CORRECTION: A previous version of this article stated that senator Paul Percival was once a student at SFU. Percival came to the university as a professor in 1979, though he did not study here.
Senate discusses university revenue
Simon Fraser University senators reviewed the 2017 financial report at the SFU Senate meeting on September 11.
According to the report, the institution has earned $689 million in revenue with students making up the bulk of the contributions followed by the provincial government at 36% and 31% of the total amount, respectively.
Senator Paul Percival commented that when he first started as a professor at SFU, the percentage of revenue from tuition fees was much lower.
“It has gone up enormously,” he said.
In addition, what has gone down proportionately “is the fraction paid for by the province of British Columbia,” Percival continued. “The students are contributing more [in tuition] than [what] the provincial government is doing.”
In essence, “the provincial government pays less than a third of the costs for SFU,” noted Percival.
SFU President Andrew Petter added that international student tuition accounts for the majority of the increase in student contribution to the university’s revenue.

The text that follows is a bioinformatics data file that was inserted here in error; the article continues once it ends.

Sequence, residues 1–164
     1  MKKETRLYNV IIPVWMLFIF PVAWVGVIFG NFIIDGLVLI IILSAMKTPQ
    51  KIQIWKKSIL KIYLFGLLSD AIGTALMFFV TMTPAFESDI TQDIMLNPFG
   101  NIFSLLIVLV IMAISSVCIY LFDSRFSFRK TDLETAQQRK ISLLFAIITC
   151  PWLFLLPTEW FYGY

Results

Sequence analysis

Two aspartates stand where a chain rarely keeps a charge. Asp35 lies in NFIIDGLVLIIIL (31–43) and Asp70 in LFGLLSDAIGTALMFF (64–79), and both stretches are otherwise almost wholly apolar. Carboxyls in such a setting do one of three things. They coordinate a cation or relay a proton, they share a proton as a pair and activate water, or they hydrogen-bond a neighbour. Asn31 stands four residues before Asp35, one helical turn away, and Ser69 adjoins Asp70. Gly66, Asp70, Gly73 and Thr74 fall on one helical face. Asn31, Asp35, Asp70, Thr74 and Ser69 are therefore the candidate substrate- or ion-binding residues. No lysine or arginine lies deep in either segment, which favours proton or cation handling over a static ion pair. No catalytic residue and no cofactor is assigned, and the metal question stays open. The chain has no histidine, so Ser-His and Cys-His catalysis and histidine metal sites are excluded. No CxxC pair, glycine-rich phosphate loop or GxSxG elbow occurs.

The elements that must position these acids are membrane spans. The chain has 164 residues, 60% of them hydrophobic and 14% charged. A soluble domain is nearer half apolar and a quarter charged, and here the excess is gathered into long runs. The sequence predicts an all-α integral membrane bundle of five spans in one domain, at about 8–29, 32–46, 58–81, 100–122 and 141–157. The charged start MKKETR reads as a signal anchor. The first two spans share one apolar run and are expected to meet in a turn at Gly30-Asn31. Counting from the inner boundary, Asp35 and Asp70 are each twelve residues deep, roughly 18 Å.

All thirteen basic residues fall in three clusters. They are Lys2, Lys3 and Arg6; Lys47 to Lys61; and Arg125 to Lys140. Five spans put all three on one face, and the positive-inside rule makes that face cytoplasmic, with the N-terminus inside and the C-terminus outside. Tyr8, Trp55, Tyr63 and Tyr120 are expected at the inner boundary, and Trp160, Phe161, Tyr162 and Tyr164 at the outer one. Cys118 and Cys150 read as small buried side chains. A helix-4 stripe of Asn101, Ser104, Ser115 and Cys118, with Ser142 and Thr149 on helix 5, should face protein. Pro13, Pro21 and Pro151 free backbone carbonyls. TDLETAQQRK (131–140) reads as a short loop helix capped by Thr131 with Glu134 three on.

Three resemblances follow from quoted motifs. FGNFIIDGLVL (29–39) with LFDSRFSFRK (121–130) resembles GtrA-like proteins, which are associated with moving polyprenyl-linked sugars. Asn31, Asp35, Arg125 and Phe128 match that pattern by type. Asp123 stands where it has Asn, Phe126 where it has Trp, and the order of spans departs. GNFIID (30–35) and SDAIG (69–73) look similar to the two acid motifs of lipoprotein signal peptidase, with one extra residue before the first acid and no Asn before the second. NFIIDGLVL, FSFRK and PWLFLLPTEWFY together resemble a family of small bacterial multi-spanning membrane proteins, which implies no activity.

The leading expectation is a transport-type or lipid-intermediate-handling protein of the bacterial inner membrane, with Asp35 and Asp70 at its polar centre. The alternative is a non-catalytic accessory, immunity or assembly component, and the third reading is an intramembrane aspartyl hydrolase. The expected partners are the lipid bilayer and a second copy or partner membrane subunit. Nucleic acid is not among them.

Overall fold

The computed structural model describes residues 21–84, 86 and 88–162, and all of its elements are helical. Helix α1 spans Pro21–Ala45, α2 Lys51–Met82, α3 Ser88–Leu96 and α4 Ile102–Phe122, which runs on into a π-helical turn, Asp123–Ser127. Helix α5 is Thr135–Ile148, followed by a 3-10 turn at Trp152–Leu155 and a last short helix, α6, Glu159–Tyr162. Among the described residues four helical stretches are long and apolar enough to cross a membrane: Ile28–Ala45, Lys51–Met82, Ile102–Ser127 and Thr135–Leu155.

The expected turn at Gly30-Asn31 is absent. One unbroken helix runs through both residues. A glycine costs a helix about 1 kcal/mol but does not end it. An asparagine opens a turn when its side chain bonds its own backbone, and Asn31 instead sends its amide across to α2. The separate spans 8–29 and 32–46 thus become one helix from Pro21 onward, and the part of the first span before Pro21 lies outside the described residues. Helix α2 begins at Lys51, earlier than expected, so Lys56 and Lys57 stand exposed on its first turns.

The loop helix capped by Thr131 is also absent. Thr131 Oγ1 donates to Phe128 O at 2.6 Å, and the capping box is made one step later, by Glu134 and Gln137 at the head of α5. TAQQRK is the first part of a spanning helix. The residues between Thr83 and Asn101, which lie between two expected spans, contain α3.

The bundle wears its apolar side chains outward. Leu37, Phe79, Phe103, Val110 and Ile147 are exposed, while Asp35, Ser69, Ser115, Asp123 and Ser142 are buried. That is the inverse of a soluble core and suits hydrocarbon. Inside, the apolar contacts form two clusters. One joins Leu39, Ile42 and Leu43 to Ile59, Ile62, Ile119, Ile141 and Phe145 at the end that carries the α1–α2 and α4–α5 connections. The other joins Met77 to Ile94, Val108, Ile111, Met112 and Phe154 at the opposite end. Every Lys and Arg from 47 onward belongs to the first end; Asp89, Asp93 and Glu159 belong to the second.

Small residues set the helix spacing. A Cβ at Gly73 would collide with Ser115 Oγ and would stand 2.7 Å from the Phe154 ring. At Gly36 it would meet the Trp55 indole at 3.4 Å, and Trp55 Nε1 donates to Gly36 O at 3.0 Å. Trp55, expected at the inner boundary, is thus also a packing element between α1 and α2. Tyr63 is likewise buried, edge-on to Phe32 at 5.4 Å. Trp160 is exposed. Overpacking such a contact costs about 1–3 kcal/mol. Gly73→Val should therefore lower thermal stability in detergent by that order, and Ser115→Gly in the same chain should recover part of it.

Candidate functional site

“The share of our revenue that comes from students’ tuition has risen significantly and our share of our [funding] from the government has not and therefore you see [these] results,” he explained.
Senate approves certificate in biological anthropology
Effective spring 2018, students in the department of archaeology can pursue a certificate in biological anthropology after a motion for adopt the program was passed by SFU Senate.
However, during a period of discussion, senator Daniel Leznoff, expressed his concerns with the certificate because it only requires students to take a first-year biology class and all other requirements can be completed within the department of archeology.
The purpose of a certificate is to highlight a concentration within a discipline and encourage students to take classes outside of their department.
“I think it’s a serious issue that we are giving what is effectively two credentials for price of one” said Leznoff. “This is not a new issue. I think there’s a significant number of certificates in the university that [does] this.”
Senator Aoife Mac Namara spoke in support of the certificate citing the ability of students in other faculties to gain a substantive understanding of the field, even though it’s not a minor. “It is a mistake to underestimate the value of [a certificate because it] could change your direction and lead you into a different area,” said Mac Namara.